By Andre Carrascal-Incera, Tasos Kitsos  & Diana Gutierrez-Posada, Coventry University, the UK

This blog post has been written by three guest authors to provide an introduction to the authors’  new RUNIN Working PaperUniversities and regional economies – a symbiotic relationship

Universities have long been key actors of socio-economic and cultural growth for their local communities (Goddard et al., 2014; UPP Foundation, 2019). Unfortunately, in the UK and elsewhere, measuring and communicating these impacts has received much less attention for Higher Education Institutions. There are multiple reasons for this that extend beyond this blog and our Working Paper but the lack of evidence and communication of university benefits to local economies in the UK has led to a great divide on the matter among academics and the general public.

The COVID19 crisis has highlighted some of these issues, with universities urging for government support to avoid financial collapse and the government first denying special treatment and only recently introducing a package of measures that rolls forward tuition fees and other income but pledges no new money. Lately and fortunately, the lack of evidence on the crucial role that universities play in their localities has been recognised with significant contributions and initiatives (such as the cross-country RUNIN network program and the UK Civic Universities Network) starting to emerge. As a result, we now see local governments being active supporters of the universities’ call for assistance during the COVID19 crisis.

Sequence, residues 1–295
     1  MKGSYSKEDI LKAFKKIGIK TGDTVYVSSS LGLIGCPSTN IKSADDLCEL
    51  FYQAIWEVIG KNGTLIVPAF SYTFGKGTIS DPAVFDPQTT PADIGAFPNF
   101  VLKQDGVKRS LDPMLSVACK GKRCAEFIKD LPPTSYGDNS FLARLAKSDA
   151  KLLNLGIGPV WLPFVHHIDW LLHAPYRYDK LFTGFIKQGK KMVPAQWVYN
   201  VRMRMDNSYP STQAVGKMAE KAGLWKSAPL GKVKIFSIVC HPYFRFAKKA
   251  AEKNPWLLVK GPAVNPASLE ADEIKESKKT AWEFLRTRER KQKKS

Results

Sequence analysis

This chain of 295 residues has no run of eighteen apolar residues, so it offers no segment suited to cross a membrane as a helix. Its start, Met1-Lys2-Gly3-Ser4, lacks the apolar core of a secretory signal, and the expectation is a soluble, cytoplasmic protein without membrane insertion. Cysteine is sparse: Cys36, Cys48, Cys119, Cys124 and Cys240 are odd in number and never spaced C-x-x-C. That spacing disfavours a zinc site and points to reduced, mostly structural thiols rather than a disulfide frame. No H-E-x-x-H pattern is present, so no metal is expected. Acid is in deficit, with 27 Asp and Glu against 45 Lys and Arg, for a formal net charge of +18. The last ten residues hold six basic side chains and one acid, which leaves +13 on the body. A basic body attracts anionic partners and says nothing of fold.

Our Working Paper aims to contribute to our understanding of university impacts on regional economies. The literature has already highlighted a range of impact channels from human capital and innovation, to entrepreneurship and spending. Most of these channels (if not all) have a particular spatial footprint that sometimes is clear (see university-industry contractual collaborations and patenting) and some other times, it is rather obscure (see the impact of spending in local economies). Indeed, most of the studies concerning expenditure focus on the effects of spending on the national economy with little insight into the spatial distribution of the benefits.